Pesticide regulations and MRLs for food products: An overview
Pesticides are widely used around the world to protect agricultural crops against insects, rodents and other predatory pests, as well as bacteria, mould and fungus. However, residual amounts of pesticides in food products can be potentially harmful to human health. Children can be especially susceptible to adverse health effects attributable to residual pesticides in foods because their smaller size increases the potency of pesticide concentrations that might not pose a risk to adults.
For these reasons, regulators in most major industrialised economies have established requirements regarding the use of pesticides in connection with food products. These requirements often include an outright ban on the use of certain pesticides in the cultivation of food crops, as well as maximum residue levels (MRLs) for pesticides in food products. However, regulations and MRLs can differ significantly from country to country, complicating the compliance process for food producers and distributors.
In this article, we’ll provide a brief overview of the regulatory requirements and MRLs in key markets applicable to pesticides used in food products, as well as links to additional information about specific pesticide regulations and MRLs.
What are pesticides?
Pesticides are generally considered to be any substance or mixture of different substances designed for the purpose of destroying, suppressing or preventing of any pest that could interfere with agricultural products or animal livestock. Various types of pesticides include herbicides, insecticides, fungicides, biocides, acaricides and rodenticides.
The U.S. Environmental Protection Agency (EPA) has estimated that worldwide usage of pesticides is greater than 2.4 million tonnes (5.2 billion pounds) per year, with the agricultural sector accounting for approximately 80 percent of all pesticides used. According to the U.S. Centers for Disease Control and Prevention (CDC), more than 17,000 individual pesticide products marketed in the U.S. alone.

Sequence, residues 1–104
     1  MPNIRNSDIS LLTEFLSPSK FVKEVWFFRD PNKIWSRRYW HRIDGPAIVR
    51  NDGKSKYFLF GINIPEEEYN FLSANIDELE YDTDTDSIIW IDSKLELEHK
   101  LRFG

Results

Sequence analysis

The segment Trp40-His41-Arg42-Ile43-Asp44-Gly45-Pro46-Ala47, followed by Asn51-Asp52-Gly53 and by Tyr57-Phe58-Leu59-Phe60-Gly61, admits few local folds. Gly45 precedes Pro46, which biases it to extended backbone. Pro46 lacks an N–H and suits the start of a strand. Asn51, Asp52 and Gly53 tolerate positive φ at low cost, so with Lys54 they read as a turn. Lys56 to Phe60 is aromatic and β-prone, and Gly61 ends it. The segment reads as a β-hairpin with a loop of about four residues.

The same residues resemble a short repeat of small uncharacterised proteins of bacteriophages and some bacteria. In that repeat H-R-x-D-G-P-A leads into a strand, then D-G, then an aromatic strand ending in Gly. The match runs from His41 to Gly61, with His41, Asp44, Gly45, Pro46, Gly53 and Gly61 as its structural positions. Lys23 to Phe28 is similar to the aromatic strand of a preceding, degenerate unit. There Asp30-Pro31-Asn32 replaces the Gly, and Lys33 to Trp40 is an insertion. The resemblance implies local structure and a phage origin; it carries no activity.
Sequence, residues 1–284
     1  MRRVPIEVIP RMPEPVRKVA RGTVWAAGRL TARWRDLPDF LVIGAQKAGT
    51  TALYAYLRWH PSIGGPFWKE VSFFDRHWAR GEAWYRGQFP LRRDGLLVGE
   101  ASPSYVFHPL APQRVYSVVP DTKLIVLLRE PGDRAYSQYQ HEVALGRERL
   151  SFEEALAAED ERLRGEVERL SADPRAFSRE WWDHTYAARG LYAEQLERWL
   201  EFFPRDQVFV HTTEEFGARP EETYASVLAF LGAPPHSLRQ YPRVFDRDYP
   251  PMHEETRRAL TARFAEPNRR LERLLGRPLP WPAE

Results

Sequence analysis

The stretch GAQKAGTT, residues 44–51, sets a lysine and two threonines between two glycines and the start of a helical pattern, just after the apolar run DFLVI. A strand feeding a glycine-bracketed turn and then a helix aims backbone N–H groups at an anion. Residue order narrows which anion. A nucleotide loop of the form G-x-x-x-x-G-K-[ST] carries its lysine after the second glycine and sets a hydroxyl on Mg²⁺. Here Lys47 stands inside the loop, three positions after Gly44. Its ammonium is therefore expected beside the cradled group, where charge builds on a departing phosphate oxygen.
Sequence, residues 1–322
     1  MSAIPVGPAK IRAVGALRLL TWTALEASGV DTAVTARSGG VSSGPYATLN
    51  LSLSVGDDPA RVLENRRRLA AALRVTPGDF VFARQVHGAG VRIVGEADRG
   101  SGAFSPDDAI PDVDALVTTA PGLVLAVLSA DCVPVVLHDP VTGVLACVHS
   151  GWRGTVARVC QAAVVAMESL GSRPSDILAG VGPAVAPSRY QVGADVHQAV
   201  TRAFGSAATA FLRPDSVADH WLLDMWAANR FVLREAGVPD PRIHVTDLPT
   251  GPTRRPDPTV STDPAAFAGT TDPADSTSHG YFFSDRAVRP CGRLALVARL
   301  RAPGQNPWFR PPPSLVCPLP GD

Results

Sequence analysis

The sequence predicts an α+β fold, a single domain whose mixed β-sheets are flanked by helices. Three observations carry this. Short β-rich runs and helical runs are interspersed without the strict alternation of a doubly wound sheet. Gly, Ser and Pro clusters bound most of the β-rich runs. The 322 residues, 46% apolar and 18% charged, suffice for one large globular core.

In recent years, the introduction of new chemicals has helped to make modern pesticides safer for humans and more environmentally-preferable than older alternatives. At the same time, the increase in the number of chemicals used in pesticides has further complicated the process of evaluating their safety. As a result, regulators are forced to continually re-evaluate existing requirements and established MRLs for food products and update them as necessary.
A brief summary of regulations and MRL requirements
In the EU, pesticides must comply with the requirements of EU Regulation (EC) No 1107/2009, which replaced prior EU directives applicable to pesticides. The Regulation requires pesticide producers to perform extensive, scientifically-based testing to evaluate their products for physical and chemical properties, environmental and eco-toxicological effects, metabolism and toxicity prior to their being placed on the market.
A separate EU regulation, Regulation (EC) No 396/2005, establishes MRLs for pesticides permitted in food products of plant or animal origin and intended for human consumption. Each MRL represents the highest level of pesticide residue that is legally permitted in food or food products and that is consistent with the safety of consumers.
Enforcement under both regulations is managed by national authorities in EU member states, who conduct regular sampling and testing of products to ensure compliance.
The EU Commission maintains and regularly updates a database of pesticide products that have been approved for use in the EU under 1107/2009, as well as a central repository for updates to current MRLs applicable under 396/2005. The database and MRL repository can be accessed here.
The U.S. Environmental Protection Agency (EPA) is the government agency responsible for the regulation of pesticides used in agricultural crops intended for human food and animal feed. The EPA is also responsible for establishing limits (“tolerances”) on the residual amounts of pesticides that may remain in foods marketed in the U.S., regardless of their original source.
In the U.S., any pesticide must be reviewed by the EPA prior to its sale or distribution. Once the EPA has determined that the pesticide does not pose an unreasonable risk to human health or the environment, the pesticide is officially registered for use. A database of all U.S. registered pesticides is available through the National Pesticide Information Retrieval System, which is accessible here.
As part of the pesticide registration review process, the EPA also establishes specific tolerance limits for the amount of pesticide residue that is allowed to remain in or on food products. In establishing tolerances, the EPA considers:
the toxicity of the pesticide and its break-down products;
how much of the pesticide is applied and how often it is applied; and
how much pesticide residue is likely to remain on a food product by the time it is marketed and prepared.
The EPA maintains a dedicated website that enables visitors to search for tolerance levels for specific pesticide ingredients. The website is accessible here.